Daily Archives: May 22, 2020

The Cabinet of Caligari (1962)

*. Hm. Odd title. We still have a cabinet mentioned, even though there isn’t one in the movie, and Caligari has lost his title of doctor, even though he is.
*. Not that this has anything much, or really anything at all, to do with Robert Wiene’s The Cabinet of Dr. Caligari. Instead it’s just another riff on the old question of how you can tell who’s mad in a madhouse. That’s something the original Caligari played with, but it has a long history in film leading from Caligari through Spellbound up to Steven Soderbergh’s Unsane (and, by now I’m sure, well beyond).
*. The thing is, it’s such a familiar premise, going back at least as far as Poe, that once you’re alert to it any sense of suspense is swiftly defeated without some really clever twists thrown in. And this Cabinet has no twists. If you haven’t twigged to what’s going on in the first ten minutes, especially given the big wink in the title, then I really don’t know what to say.
*. I’ll allow that it is amusing, in the manner of one of the contemporary Hammer psychodramas or a schlocky Three Faces of Eve. The combination of dramatic earnestness and prestige-picture aspirations with B-movie gimmickry and sleaze makes for an odd fit.
*. The script reflect these pulls in different directions. Apparently director Roger Kay and screenwriter Robert Bloch had a falling out and there was a fight over who was to finally get the credit (or take the blame). Kay also railed against the final cut, saying that Fox had tried to turn the film into something he hadn’t intended.
*. The upshot of all of this is that nobody was very happy with the result, and for good reason. It’s a silly, overwrought and overwritten script with various elements that don’t add up. What, for example, is the significance of seeing Jane as a child? Did something happen to her in childhood? What was the nature of the adult Jane’s insanity? Was she a nymphomaniac? Are we really to believe that her sudden “breakthrough” has cured her so completely? I think that may have been a stretch even in 1962.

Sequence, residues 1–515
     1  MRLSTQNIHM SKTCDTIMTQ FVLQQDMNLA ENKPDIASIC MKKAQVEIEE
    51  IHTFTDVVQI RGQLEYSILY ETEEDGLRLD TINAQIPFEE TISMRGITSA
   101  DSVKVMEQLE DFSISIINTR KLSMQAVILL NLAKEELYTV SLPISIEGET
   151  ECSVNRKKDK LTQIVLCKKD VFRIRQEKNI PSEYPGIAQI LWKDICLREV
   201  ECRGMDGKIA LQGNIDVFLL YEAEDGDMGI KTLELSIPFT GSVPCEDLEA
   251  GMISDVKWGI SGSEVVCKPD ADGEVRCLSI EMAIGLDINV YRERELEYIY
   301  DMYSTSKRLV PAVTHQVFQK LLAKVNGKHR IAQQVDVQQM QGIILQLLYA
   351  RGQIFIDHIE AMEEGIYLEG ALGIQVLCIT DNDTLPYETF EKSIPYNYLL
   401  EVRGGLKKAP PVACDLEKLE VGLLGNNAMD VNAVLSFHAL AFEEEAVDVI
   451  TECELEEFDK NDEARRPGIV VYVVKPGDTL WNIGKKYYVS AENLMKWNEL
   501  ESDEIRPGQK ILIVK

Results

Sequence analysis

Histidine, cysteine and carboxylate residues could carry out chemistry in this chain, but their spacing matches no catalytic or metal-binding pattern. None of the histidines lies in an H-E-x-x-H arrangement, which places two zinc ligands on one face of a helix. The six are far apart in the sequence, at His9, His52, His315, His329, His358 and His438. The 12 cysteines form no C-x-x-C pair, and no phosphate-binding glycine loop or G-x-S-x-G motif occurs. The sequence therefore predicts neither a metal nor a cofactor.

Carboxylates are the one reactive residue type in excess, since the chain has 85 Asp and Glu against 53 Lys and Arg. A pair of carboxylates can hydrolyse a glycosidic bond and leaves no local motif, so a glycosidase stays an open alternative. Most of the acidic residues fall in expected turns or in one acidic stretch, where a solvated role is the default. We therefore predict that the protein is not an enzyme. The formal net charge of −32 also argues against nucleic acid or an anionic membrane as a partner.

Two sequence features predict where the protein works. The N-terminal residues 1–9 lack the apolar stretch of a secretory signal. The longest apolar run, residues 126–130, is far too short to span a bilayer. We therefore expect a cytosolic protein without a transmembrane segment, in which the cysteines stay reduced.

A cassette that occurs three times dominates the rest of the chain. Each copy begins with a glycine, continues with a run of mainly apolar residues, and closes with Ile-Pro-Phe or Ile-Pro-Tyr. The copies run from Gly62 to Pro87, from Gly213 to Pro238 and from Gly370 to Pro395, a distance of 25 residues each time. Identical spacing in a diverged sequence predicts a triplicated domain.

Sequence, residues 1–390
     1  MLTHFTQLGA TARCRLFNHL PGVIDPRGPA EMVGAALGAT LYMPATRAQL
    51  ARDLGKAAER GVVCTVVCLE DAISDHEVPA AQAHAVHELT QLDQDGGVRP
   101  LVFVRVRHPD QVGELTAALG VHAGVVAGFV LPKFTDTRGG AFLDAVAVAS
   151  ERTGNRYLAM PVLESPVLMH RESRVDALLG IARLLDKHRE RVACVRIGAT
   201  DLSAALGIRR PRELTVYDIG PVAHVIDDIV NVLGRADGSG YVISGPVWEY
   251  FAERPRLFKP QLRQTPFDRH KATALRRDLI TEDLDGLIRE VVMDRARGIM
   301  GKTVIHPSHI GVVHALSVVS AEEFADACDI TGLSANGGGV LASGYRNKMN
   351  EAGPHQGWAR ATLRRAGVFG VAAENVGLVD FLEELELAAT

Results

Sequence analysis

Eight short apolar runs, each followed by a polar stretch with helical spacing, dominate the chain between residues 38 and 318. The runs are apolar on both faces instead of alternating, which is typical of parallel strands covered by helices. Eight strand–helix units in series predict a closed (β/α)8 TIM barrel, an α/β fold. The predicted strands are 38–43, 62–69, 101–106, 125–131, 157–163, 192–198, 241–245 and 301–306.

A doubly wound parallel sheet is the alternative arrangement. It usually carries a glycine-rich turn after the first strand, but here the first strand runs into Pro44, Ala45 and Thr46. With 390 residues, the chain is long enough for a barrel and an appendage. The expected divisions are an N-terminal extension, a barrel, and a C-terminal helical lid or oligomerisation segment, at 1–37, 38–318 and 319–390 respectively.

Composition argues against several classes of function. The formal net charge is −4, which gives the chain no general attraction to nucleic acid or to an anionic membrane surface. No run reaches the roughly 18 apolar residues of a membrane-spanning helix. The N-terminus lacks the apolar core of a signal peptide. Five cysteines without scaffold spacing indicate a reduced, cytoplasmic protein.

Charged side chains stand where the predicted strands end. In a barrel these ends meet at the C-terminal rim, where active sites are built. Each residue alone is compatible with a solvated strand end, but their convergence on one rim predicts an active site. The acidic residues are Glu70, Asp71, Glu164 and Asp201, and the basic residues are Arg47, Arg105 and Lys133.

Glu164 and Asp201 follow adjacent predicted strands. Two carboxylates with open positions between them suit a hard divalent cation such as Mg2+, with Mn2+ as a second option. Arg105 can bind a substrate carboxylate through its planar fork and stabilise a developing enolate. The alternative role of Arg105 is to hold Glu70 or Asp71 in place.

*. It’s interesting that the doctor refers to Jane’s treatment as including “chemotherapy,” meaning the use of tranquilizers and narcotics. Today I think chemotherapy is only used in reference to cancer treatments, but I guess the word itself is elastic enough to be used to refer to any drug regimen, which is how it might have been used in the ’60s.
*. Glynis Johns, hopelessly miscast, is an actor cut adrift in an absurd role. Dan O’Herlihy seems a little more at home with the ludicrous material (he’d later play the mad toymaker in Halloween 3: Season of the Witch).
*. Of course what the original Cabinet of Dr. Caligari is remembered for today are its strange sets and bizarre visual style. Here there’s only a nod toward this at the end with Jane’s therapeutic breakdown. Even the peculiar double doorway into Caligari’s office (a normal door immediately opening onto a revolving glass door) is underused as a symbol of her mental state.
*. It is, in short, a mess. More charitably a joke. For whatever personal or production reasons the different parts didn’t come together. What remains is hysterical trash, but it’s not without the interest of a car accident. Being such a minor production it doesn’t rise to the level of a train wreck, but it punches above its weight as a good bad movie.